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But how do you force a child to have their nappy changed? The only way to have done it would be to physically hold him down and that would have taken 2 members of staff plus a third to actually change him. I'm not about to start physically restraining a child to that extent- Narnia- we've tried all that but we cant get him out of the room to do so. We've even bought the stuff into the room, tried saying 'come with me' and as soon as we're out and into changing area he starts screaming. Tried offering a friend to come but nothing.

 

I'm beginning to wonder if it's a control thing. When Mum turned up on Monday he came out of preschool quite happily and whilst I was talking to her came running out with changing mat - saying here you are Mummy, then laid down on there quite happily for her.

 

Anyway- we start this on monday so will see how we get on.

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Does sound like a control issue, he has learnt that if he refuses a nappy change mum will come .

 

Maybe try to get mum to not interact while doing the change, no attention from her at that point, change and go.. interaction to come from the KP who is there helping. I would also suggest that he could be ready for toilet training as he seems to be aware of his needs..

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we had this problem with a child -he would only allow his mum/ nan to change him but we worked this through with them by being alongside mum/nan as they changed him until he was happy for us to gradually take over part of the routine each time until we were doing the whole thing with mum/nan alongside.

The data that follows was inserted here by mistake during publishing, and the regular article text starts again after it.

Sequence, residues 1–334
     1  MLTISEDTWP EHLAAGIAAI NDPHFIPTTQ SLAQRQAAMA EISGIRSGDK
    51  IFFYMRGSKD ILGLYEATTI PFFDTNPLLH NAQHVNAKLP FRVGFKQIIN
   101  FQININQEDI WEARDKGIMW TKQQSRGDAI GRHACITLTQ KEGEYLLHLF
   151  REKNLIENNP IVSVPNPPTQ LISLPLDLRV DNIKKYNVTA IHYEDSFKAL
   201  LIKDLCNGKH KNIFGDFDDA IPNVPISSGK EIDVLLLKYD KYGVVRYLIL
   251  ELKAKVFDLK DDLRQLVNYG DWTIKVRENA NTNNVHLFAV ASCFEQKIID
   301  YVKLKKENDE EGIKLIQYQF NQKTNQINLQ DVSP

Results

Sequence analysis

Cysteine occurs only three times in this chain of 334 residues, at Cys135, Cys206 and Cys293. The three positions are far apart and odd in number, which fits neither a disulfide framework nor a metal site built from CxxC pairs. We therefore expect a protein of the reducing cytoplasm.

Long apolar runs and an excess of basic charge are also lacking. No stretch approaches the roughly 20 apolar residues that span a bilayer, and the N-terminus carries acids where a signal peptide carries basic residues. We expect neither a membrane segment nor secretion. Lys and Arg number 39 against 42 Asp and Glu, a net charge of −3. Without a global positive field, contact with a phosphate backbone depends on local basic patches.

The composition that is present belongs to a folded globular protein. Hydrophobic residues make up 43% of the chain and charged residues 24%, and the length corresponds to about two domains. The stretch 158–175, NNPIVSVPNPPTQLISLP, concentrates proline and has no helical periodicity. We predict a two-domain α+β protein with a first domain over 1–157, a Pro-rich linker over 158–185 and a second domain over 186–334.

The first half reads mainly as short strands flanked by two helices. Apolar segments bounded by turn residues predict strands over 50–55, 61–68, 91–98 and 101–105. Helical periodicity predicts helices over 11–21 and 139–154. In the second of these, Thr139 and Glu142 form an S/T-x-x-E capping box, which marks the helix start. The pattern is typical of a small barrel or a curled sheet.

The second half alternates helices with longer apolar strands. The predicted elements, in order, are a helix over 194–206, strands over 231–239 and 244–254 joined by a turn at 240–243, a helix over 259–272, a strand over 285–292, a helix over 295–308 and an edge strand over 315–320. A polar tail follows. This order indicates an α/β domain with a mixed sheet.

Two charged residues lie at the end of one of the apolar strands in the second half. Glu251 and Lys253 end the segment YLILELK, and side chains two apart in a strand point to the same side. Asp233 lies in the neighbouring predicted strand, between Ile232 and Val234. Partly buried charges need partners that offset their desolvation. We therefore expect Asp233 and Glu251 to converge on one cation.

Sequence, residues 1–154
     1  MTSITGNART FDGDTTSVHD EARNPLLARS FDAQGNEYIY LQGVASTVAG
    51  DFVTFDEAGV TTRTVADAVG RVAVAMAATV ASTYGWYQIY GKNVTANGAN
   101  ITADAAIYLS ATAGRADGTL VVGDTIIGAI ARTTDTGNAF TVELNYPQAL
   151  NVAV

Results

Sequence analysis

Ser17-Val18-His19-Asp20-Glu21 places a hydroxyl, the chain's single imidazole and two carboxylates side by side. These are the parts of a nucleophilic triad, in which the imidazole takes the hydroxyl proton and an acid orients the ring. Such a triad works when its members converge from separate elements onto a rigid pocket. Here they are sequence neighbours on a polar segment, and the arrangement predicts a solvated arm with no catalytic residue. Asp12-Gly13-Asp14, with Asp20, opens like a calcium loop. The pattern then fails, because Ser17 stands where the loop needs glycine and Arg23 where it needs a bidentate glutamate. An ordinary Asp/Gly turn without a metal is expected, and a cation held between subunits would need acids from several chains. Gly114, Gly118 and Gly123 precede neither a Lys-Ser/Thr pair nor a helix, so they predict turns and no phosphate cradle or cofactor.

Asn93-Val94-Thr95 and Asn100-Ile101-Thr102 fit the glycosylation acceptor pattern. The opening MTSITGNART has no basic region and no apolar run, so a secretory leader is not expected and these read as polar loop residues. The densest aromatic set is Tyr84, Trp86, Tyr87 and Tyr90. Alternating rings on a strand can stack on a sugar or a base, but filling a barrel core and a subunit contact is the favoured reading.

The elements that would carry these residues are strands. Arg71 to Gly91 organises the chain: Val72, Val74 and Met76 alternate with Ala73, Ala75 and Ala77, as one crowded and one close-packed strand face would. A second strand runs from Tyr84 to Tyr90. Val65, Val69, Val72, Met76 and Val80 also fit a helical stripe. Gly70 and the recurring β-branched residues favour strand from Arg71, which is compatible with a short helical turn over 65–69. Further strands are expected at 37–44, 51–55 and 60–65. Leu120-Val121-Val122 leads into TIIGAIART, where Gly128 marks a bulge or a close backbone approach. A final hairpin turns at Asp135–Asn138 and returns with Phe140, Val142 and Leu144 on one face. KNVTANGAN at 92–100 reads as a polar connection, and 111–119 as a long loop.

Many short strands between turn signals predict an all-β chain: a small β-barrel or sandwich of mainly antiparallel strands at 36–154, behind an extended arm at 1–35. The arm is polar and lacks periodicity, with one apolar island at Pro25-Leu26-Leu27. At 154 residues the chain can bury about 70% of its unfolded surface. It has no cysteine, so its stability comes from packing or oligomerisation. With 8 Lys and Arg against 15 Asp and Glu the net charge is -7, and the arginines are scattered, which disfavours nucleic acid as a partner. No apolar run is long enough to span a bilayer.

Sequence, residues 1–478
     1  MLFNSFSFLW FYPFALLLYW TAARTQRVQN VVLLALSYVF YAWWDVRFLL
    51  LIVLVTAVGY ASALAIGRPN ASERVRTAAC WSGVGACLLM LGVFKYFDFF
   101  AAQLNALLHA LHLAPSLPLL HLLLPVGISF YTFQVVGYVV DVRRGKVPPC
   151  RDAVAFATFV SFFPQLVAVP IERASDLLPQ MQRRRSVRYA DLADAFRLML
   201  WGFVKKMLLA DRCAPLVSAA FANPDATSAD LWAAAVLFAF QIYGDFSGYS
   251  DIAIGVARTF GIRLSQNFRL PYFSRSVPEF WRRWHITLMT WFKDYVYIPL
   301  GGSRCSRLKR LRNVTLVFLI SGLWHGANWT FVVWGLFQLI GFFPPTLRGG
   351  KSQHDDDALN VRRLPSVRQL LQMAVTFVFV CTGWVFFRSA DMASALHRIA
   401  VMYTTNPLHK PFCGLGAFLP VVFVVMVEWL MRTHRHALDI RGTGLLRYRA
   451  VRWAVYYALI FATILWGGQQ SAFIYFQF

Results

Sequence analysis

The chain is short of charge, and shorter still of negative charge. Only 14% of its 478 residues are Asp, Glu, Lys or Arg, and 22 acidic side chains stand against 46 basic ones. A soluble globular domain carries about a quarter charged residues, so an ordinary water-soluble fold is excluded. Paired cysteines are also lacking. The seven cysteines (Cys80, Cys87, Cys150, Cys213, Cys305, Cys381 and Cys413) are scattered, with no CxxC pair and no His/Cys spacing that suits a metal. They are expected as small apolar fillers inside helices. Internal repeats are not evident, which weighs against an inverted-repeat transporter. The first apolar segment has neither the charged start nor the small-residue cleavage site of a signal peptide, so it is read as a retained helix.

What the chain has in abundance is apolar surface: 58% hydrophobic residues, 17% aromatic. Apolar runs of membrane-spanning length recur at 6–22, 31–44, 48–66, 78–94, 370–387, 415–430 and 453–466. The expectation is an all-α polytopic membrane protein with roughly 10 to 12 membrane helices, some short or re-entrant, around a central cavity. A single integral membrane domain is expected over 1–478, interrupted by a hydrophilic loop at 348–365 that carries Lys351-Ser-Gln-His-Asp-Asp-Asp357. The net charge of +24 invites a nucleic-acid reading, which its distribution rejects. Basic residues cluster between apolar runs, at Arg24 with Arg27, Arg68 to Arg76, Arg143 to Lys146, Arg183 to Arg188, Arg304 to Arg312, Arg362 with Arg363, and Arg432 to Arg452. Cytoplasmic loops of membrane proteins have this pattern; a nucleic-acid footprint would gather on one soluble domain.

he would always take in a train with him (they were his obsession) and play with this as we changed him - does your child have anything he particularly likes to play with (from preschool or home) that might help?

Edited by blondie
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we also have posters next to the changing area...Thomas the tank engine and some lovely old painting posters with things hidden in them, so that causes lots of chat.

 

I honestly, with my hand on my heart, have ever had to have someone hold a child down so I can change them and I would absolutely not leave a chld in a nappy that needs changing for more than a couple of minutes maximum. If it is really a control thing, then perhaps once he realises his nappy is going to be changed even if he yells about it, then he will calm down and let you get on with it. Stay calm and just get on with it and he will do the same, even if it takes a little while, then praise him like a crazy thing for getting it done so well.What do you do if for some reason you CAN'T get hold of mum, or anyone else to come back to do it?? Are you going to leave him soiled or wet all day??